Though the night was way hot, thanks to Cerveny, I knew it wasn't nearly as bad as the 1901 heat wave that closed the stock exchange and "caused hundreds of deaths. The heat in the city became so intense that the street asphalt actually softened, and wheels ploughed deep ruts in the streets [and] more than a thousand horses died from heatstroke." Cataloging not just heat but all sorts of weird weather, this is fascinating. Odd fact: some of the biggest megacyrometeors-huge ice balls-hail (hardy har har) from New York, including a 50-pounder near LaGuardia in February 1953 and a ten-pounder near Idlewild. Consider New York's humble but mighty fog, which in 1928 caused a "total of eight ocean liners [to] collid[e] in the fogbound ports." Failboat Ahoy! Douglas Lord, "Books for Dudes," Booksmack! 10/7/10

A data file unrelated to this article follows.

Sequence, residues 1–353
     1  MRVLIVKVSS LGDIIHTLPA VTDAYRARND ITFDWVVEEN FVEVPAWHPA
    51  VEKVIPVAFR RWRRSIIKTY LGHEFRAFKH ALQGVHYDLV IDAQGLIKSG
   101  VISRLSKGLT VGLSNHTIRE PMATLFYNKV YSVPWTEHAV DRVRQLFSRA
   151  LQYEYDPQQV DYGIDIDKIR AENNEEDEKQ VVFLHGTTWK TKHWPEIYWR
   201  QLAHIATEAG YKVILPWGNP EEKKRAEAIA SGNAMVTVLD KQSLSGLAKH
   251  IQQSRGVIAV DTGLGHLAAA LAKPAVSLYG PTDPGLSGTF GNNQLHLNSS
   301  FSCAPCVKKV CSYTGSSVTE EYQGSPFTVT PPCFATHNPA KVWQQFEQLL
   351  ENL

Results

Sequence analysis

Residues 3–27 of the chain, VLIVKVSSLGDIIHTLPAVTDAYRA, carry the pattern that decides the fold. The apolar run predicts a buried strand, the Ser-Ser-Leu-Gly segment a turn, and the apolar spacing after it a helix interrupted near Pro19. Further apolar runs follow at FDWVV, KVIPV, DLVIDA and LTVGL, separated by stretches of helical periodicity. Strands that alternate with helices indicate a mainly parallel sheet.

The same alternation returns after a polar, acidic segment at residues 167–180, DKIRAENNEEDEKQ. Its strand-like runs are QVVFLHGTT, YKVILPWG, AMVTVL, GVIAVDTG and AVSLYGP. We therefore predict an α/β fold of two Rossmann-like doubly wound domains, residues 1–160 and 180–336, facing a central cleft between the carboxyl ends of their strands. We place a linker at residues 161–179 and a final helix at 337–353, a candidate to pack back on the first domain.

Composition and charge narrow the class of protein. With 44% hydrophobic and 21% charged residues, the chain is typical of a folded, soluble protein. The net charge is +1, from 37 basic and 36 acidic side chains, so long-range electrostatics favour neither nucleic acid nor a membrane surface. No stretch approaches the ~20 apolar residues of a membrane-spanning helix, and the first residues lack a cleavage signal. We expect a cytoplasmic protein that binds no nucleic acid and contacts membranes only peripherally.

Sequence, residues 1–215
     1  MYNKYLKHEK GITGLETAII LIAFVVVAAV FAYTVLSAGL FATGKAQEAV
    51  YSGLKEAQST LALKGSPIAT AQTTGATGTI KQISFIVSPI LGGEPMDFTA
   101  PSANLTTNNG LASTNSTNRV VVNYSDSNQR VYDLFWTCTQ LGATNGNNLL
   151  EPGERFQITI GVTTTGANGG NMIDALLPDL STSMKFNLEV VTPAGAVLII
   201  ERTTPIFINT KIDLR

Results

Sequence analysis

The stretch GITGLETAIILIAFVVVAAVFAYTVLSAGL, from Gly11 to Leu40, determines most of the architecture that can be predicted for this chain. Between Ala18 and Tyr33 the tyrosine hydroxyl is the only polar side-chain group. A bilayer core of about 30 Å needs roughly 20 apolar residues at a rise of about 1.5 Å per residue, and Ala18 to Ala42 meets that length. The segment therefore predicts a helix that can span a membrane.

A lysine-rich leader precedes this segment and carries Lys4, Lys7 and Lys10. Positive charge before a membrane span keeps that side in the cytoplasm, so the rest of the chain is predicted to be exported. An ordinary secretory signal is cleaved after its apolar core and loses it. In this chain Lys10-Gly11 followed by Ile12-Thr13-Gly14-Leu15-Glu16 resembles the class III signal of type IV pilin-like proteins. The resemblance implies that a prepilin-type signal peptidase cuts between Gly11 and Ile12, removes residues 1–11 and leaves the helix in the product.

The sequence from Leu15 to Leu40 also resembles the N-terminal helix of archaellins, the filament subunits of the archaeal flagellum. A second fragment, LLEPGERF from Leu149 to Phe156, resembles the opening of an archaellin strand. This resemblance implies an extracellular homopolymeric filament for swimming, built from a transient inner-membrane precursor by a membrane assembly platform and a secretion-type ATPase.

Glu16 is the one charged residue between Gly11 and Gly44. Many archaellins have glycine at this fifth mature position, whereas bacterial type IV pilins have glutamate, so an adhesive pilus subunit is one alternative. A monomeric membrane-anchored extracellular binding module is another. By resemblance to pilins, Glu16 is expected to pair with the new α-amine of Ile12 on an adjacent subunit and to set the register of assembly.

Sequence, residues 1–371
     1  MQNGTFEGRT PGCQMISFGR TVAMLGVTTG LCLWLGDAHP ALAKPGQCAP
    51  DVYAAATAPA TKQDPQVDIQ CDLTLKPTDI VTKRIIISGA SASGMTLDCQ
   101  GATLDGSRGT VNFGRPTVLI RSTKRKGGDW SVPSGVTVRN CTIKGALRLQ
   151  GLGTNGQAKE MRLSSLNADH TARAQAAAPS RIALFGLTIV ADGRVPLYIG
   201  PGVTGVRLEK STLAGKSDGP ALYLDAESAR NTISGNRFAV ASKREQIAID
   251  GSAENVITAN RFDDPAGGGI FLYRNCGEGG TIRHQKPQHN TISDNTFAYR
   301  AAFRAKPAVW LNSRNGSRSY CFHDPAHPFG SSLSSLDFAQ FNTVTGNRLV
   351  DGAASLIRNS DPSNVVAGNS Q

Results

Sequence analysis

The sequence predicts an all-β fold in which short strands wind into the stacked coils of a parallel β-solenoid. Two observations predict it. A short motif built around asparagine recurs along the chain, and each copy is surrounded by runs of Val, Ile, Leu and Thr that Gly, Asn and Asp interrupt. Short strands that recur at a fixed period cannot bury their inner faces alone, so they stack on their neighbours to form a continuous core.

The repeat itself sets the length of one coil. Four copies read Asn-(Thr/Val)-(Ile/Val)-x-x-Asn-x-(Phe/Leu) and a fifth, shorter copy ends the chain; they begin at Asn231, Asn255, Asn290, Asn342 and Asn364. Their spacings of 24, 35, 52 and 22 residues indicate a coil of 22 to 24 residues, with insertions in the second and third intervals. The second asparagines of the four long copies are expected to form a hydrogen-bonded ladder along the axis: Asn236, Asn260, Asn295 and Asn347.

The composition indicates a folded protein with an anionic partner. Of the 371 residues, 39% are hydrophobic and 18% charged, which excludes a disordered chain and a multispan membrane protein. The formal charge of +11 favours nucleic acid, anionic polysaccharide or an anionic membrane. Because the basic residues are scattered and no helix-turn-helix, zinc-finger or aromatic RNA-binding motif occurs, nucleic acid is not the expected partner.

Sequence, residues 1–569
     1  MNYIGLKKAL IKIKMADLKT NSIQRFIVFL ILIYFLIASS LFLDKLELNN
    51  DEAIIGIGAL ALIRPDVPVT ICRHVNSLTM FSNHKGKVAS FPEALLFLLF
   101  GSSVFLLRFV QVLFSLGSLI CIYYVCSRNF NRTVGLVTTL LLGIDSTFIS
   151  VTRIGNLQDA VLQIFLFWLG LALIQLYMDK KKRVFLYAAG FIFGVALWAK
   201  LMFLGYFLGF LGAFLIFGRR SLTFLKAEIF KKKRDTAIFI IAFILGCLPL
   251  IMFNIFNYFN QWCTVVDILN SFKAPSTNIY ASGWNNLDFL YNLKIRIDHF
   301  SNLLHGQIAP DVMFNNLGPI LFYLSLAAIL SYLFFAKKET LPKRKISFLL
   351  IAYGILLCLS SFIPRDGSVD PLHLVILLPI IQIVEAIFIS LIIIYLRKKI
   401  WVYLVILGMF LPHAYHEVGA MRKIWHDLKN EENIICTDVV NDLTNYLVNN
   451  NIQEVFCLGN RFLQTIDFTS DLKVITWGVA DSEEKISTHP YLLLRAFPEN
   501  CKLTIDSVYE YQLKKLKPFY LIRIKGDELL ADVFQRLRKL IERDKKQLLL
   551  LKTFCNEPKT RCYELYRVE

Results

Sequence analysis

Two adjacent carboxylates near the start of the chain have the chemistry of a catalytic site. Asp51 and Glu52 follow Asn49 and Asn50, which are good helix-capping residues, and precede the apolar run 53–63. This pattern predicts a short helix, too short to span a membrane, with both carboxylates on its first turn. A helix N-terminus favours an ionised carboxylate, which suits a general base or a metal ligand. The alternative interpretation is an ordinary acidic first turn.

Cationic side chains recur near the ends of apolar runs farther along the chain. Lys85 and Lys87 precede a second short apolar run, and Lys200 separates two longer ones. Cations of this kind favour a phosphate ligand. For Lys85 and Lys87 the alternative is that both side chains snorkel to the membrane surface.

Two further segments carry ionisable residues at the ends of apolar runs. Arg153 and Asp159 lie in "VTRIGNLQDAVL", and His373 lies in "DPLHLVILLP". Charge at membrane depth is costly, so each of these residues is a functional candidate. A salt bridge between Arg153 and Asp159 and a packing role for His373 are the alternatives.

Fish falling from the sky. Tornadoes plucking chickens. Lightning welding an unfortunate soldier into his sleeping bag when it struck the zipper. Weather is not only powerful and dangerous (as we've seen all too clearly of late) but just plain strange. This compendium of the weird drawn from climatologist Cerveny's database describes over 500 incidents, from lightning strikes to hurricanes, blizzards to dust devils. Cerveny groups the incidents by type of weather and then by type of occurrence. He gleefully jumps from the past (lightning burning the rings of six gold coins into the skin of a 19th-century victim) to the present (a young woman temporarily blinded when lightning struck her tongue stud), with little attempt to explain how weather works. This book is good for a quick read in a spare moment, but without any narrative to drive it, it turns into a mind-numbing procession of bizarre facts. But bring on tales of cross-shaped hail and a heat wave that roasted a town from 70 degrees Fahrenheit to 140 degrees in a matter of minutes: Cerveny is here to remind us that if you need something interesting to discuss, you can indeed just talk about the weather. Agent, Andree Abecassis. (Jan. 9) Copyright 2005 Reed Business Information.